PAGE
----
Chinese-made trains popular in Argentina

BUENOS AIRES — With colors and features of Argentina’s national flag, the new azure-and-white train fleet serving the capital Buenos Aires is the new image of the city’s public transport system, an image made in China.

“We are very proud that passengers once again feel respected to travel by train in Argentina,” said Argentine President Cristina Fernandez when the first 12 of 30 electric trains, supplied by China’s CSR for the capital’s commuter route, officially went into operation in November.

According to the $1 billion contract signed in 2013 between the Argentine government and China’s leading train maker CSR, once the project is complete, there will be 709 Chinese-made trains running in Buenos Aires, serving millions of people in the city and nearby towns.

Due to mistakes made during the privatization of the railway sector in the 1990s and a lack of investment, the capital’s rail network was old, insufficient and prone to accidents, highlighted by the fatal collision in 2012 that killed 51 people.

Argentine government announced its ambitious commuter train renewal plans in early 2013, drawing leading train makers around the world, including China’s CSR, the market leader with a cutting-edge in technology, price and operational service.

The Chinese-made passenger cars are equipped with air-conditioning, smart doors and windows, advanced traction and brake mechanisms, and high-tech surveillance and warning systems, which make the cars both safe and comfortable, Argentina’s Interior and Transport Minister Florencio Randazzo told Xinhua.

The biggest challenges for the Chinese company are the worn and twisted rails and power supply tracks in the city, which cause more friction and wearing away.

“CSR cars have very good quality and have been running safely and smoothly. To overcome the difficulties caused by the aged infrastructure, especially the railway tracks and power supply system, Chinese experts redesigned the current collectors for the network, which is rare in this industry,” said Argentine technical expert Edgardo Zanello who takes charge in channeling the Chinese technology.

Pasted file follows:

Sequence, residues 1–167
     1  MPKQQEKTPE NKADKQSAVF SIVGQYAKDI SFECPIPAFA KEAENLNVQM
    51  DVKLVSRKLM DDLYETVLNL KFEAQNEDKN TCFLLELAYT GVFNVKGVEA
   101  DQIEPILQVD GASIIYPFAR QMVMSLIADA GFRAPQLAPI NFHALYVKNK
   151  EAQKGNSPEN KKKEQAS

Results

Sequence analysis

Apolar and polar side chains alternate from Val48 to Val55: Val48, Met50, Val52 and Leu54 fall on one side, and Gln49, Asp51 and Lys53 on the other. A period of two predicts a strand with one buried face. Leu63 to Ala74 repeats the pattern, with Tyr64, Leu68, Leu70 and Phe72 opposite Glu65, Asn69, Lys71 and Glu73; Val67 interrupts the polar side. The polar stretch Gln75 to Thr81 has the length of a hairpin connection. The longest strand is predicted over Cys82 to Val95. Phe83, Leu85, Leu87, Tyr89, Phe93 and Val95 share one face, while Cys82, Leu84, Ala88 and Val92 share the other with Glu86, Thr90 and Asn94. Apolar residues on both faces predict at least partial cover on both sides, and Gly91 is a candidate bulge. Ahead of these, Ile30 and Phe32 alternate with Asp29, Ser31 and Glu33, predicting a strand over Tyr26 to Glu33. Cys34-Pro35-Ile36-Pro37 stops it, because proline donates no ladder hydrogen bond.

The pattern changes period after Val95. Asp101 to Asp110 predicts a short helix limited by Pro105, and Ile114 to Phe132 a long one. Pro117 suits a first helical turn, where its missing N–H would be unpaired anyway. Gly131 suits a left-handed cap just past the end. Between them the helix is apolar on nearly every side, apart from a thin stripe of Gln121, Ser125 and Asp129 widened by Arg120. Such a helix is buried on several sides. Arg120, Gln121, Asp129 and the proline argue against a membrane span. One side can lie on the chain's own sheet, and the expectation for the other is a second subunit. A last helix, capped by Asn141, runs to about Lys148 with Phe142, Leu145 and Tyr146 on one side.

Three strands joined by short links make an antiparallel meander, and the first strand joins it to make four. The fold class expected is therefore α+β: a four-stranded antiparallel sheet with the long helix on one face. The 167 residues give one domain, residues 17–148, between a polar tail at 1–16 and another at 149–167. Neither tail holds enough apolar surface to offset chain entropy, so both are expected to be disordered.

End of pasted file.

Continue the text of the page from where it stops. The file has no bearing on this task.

Wu Houcai, CSR’s technical leader in the transaction, has been working on this project in Argentina for two years. He believes that introducing the administrative system is equally important with introducing the technology.

“We spent a lot of time with the local operators and provided them with a lot of technical training. We are doing our utmost to ensure safety and maintain our brand image. The reputation of Chinese trains would be ruined if there were an accident, even if it were caused by the aged railway tracks or incorrect operation,” said Wu.

By the end of 2014, 25 CSR cars had covered a million kilometers safely on the Sarmiento line, one of the intercity commuter routes in Buenos Aires, and increased the route’s capacity from 241,536 passengers to 461,220 passengers a day. Local operators said some 97 percent of passengers had expressed their satisfaction with the new cars.

According to an agreement the Argentine government and CSR reached last November, CSR will establish a plant at a site of the state-owned Trenes Argentinos Operadora Ferroviaria to boost the country’s railway industry.

The new plant will not only provide maintenance service, but also produce equipment and parts for CSR trains through technology transfer.

Randazzo said the plant will create new jobs, as the Chinese company uses substantial local skilled labor, and will bring the technology Argentina needs to revive its national railway industry.

CSR has been supplying trains and other rail products to Argentina since 2006. Last December, the company said it had won a $272 million contract to provide 80 locomotives and 2,000 freight rail cars for a railway renovation project in Argentina.